'Human lives over profit:' VA nurses in Tampa protest workplace safety hazards

Union members gathered outside James A. Haley Veterans' Hospital on Wednesday, joining one of more than 200 protests nationwide demanding protection for veterans and nursing staff at VA facilities. 

Organizers are railing against the VA's decision to eliminate hazard pay for VA staff amid the ongoing COVID-19 pandemic, and against what organizers described as an ongoing shortage of personal protective equipment. 

Demonstrators called for the Republican-controlled Senate to pass the HEROES Act, which has already passed the Democrat-controlled House of Representatives. The pending bill would use the Defense Production Act to ramp up domestic production of PPE and force the federal Occupational Safety and Health Administration to establish an emergency temporary standard on infectious diseases. 

Additionally, The HEROES Act would bring economic relief in the form of cash payments, extended unemployment benefits, and daycare subsidies through the end of 2020. 

Protesters rallied outside the James A. Haley Veterans' Hospital in Tampa on the morning of August 5, 2020. (FOX 13 News)

In an announcement released Tuesday, the union said its members are also demanding an end to systemic racism and union busting at VA facilities across the country. Wednesday's protest in Tampa is one of several coordinated events taking place outside VA facilities across the U.S., including in Chicago, Dayton, Augusta and Manhattan, according to organizers with National Nurses United. 

"Nurses at the James A Haley Veterans’ Hospital are demanding that hospital management be transparent and involve registered nurses in ongoing planning related to COVID-19, a union spokesperson said in a statement on Tuesday. "Additionally, they are demanding that RNs have access to safe protective equipment and that RNs who are exposed to COVID-19 get immediate testing. RNs are also insisting that management staff the hospital appropriately so that the veterans receive optimal care." 

Some nurses have reported that when they are exposed COVID-19, they are often told to keep working if they are asymptomatic, putting their patients and coworkers in danger. 

“Nurses know that this country’s rampant social, economic, and racial injustice has been killing our patients all along. COVID-19 is just forcing us as a society to face these problems,” said Bonnie Castillo, RN and NNU executive director. “These recent COVID surges and uncontrolled infections and deaths, the failure of employers to protect our nurses and other workers, the outrageously high rates of unemployment and hunger, the totalitarian crackdown on protesters — every crisis we are seeing now can be traced back to our failure to value human lives over profit.”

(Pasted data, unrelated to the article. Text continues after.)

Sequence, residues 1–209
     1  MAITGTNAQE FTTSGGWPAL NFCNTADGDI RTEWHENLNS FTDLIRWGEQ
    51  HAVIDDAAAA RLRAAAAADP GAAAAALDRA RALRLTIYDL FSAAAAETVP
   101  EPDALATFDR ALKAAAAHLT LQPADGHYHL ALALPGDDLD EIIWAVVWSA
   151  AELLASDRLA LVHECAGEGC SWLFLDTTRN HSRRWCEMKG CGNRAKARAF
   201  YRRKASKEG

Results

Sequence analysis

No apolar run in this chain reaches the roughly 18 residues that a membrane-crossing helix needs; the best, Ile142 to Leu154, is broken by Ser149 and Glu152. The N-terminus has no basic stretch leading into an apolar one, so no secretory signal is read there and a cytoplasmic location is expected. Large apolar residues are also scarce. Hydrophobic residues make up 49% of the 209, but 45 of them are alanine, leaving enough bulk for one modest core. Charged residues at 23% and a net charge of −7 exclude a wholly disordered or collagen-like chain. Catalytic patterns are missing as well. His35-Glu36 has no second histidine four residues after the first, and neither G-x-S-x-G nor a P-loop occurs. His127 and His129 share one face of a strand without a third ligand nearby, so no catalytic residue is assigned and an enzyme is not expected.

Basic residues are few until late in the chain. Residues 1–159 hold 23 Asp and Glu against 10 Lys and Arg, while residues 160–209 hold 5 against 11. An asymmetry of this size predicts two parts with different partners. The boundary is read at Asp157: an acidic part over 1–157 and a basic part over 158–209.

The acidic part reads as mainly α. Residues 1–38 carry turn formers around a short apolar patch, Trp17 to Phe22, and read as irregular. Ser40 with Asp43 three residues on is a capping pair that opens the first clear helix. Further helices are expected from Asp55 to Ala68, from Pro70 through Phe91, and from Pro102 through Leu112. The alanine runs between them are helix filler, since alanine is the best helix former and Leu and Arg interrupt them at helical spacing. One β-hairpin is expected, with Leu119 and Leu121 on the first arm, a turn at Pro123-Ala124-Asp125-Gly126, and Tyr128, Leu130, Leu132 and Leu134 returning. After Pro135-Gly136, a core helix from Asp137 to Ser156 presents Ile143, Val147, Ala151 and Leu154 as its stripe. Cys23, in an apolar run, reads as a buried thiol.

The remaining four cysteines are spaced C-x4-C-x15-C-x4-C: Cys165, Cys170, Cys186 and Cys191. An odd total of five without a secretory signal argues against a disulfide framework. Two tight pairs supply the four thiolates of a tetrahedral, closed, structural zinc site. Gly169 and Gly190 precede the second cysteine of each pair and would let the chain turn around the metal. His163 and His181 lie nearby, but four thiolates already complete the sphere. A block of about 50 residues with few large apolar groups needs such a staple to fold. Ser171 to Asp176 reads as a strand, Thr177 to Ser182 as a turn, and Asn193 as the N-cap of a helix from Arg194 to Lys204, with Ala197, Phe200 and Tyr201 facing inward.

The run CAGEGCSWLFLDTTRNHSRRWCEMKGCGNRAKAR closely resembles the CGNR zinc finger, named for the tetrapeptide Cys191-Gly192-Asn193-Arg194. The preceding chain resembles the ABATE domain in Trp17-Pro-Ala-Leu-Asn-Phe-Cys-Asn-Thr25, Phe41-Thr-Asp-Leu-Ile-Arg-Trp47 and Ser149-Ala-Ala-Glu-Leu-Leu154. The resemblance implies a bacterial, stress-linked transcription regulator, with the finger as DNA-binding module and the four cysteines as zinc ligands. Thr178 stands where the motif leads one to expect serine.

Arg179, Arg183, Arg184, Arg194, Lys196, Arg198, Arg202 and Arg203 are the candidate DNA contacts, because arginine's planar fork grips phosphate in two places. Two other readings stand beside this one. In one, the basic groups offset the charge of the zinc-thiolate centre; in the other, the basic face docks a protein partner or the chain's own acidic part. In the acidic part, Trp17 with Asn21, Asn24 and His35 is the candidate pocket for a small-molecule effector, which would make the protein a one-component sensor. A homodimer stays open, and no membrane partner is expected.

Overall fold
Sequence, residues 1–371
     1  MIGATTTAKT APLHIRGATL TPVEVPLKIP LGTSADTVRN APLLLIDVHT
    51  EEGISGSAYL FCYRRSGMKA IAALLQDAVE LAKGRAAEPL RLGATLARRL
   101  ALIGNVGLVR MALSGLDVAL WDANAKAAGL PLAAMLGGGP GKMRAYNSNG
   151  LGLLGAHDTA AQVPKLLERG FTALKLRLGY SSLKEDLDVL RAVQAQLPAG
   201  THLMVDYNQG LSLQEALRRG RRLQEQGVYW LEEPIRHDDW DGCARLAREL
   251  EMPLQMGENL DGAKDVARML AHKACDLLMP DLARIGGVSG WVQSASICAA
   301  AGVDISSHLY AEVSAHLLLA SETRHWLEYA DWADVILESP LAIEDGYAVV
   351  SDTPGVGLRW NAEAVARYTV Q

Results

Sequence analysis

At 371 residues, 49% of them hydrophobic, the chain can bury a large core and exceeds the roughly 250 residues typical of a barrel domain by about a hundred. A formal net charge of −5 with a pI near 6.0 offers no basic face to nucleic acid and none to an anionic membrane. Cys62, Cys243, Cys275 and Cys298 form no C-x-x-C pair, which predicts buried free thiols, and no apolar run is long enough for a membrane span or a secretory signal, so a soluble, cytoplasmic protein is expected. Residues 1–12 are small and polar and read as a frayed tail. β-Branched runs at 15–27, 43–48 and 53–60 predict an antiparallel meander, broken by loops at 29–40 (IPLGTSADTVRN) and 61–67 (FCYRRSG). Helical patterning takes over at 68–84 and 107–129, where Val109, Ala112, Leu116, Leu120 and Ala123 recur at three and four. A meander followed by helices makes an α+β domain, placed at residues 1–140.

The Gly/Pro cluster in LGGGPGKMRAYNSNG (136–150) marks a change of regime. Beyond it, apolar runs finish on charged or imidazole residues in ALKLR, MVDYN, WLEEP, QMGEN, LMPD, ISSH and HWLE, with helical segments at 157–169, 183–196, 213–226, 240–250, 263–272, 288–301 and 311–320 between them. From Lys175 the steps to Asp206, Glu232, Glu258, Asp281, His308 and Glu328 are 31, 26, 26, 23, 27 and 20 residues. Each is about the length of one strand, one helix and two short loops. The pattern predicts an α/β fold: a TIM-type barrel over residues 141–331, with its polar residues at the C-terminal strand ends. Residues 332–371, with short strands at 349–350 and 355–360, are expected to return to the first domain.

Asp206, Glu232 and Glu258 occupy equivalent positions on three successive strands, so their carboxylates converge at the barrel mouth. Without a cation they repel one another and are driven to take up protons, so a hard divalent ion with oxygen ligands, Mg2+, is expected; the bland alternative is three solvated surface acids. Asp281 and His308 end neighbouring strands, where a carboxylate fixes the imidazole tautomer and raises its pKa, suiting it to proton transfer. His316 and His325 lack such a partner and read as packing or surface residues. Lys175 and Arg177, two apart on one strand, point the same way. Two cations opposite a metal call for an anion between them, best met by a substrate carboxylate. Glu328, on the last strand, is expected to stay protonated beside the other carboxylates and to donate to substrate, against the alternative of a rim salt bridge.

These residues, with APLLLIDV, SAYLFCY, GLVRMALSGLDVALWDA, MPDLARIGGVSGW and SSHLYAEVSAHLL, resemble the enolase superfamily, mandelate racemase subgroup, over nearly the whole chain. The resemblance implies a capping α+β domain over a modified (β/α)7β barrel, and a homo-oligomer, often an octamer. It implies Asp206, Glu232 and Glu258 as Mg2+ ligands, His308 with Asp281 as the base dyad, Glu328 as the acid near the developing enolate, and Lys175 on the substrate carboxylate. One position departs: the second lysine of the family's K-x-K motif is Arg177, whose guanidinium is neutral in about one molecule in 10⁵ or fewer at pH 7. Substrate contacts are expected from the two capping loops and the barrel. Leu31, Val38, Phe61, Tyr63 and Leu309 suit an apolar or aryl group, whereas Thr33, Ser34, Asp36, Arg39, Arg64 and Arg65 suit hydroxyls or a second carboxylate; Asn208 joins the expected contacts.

The union asserted that while nurses are forced to reuse personal protective equipment and there often are not enough staff to safely treat patients, HCA, the corporate parent of 15 West Florida hospitals, posted more than $1 billion in profit in the second quarter alone. 

Wednesday afternoon, a hospital spokesperson provided the following statement:

The safety of our staff and our Veterans is always our top concern.  Our employees have performed exceptionally well throughout this national emergency, providing lifesaving care to hundreds of Veterans. The situation outlined during the NNU National Day of Action does not reflect our preparedness and response actions that have proven to keep our patients and employees safe. Additionally, many of the demands are already part of the facility’s operational response to this pandemic and have been for months.  Our labor partners from NNU and AFGE are always invited to participate in our Incident Command meetings, where all planning for our COVID-19 response takes place.
James A. Haley Veterans’ Hospital PPE practices have helped limit our current COVID-19 employee infection rate to 0.23 percent of the workforce – much lower than other health care systems. By contrast, 4.4 percent of University of Washington Medicine employees have tested positive and 2.1 percent of Henry Ford Health System’s workforce has tested positive. 
James A. Haley Veterans’ Hospital provides employees with all required Personal Protective Equipment (PPE) in accordance with CDC guidelines and the facility is stocked with an adequate supply of PPE for current demand.  
Regarding hazard pay
Hazard pay is to compensate employees when risks cannot be reasonably mitigated and employees cannot be safely protected, and that is the opposite of the current environment at James A. Haley Veterans’ Hospital.